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Following an uneventful tour in the West Indies and another shipyard overhaul, Vincennes accompanied the ship-of-the-line Columbus when they, as a squadron under the command of Commodore James Biddle, made a historic first official visit to Edo (Tokyo), Japan. The Visit, on July 6, 1846, was unsuccessful as small fishing boats surrounded the larger sailing vessels, refusing Commodore Biddle permission to go ashore. Rebuffed, Columbus sailed for home while Vincennes remained on station in the South China Sea another year before returning to New York to face yet another decommissioning.

Recommissioned two years later, Vincennes once again headed west. Sailing into San Francisco in early 1850, Vincennes lost 36 crew members to the "49'er Fever" which was sweeping the area.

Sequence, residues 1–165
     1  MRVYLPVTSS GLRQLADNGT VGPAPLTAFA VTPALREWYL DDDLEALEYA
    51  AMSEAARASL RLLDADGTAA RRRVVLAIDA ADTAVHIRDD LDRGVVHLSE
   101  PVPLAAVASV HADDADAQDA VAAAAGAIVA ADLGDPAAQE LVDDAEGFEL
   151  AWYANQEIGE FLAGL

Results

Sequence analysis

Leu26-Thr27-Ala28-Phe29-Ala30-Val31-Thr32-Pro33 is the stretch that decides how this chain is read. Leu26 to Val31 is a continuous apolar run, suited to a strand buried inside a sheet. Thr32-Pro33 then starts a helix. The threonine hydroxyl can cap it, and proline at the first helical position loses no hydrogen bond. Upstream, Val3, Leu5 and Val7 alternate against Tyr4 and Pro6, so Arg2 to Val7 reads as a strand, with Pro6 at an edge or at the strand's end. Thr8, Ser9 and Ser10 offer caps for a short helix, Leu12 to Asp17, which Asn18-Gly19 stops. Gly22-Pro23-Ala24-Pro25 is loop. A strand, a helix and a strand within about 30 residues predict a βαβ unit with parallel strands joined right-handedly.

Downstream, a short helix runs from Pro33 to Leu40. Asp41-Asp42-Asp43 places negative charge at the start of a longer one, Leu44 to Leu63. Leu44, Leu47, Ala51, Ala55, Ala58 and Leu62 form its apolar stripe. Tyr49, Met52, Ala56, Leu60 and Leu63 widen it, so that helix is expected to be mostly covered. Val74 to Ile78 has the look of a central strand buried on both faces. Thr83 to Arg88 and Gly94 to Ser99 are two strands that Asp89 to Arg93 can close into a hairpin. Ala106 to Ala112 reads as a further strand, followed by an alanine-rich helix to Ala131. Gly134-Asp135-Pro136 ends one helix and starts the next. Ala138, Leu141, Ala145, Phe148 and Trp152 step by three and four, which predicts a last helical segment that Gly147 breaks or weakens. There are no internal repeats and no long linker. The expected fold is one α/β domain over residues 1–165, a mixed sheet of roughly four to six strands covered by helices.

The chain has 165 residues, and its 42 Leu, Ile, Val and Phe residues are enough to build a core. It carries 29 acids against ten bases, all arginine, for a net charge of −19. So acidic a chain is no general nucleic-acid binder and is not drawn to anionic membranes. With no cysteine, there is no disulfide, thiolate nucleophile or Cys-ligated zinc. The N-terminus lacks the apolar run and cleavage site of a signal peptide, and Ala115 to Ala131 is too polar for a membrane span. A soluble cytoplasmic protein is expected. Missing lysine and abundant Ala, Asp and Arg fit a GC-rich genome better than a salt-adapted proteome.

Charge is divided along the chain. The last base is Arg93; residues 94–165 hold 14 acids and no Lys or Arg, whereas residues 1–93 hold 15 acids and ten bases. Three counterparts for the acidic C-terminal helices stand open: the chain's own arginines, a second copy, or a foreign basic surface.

Turning south, Vincennes cruised off South America until late 1951 and arrived in Puget Sound in 1852 as a prelude to a return to New York and another decommissioning. Placed into service again in 1853, Vincennes became flagship to Commander Cadwalader Ringgold, a veteran of the Wilkes Antarctic Expedition. Three years later, after travels ranging from surveying the Ryukyu Islands in Japan to port calls in Petropavlovsk, Russia, Vincennes was decommissioned on July 17, 1856.

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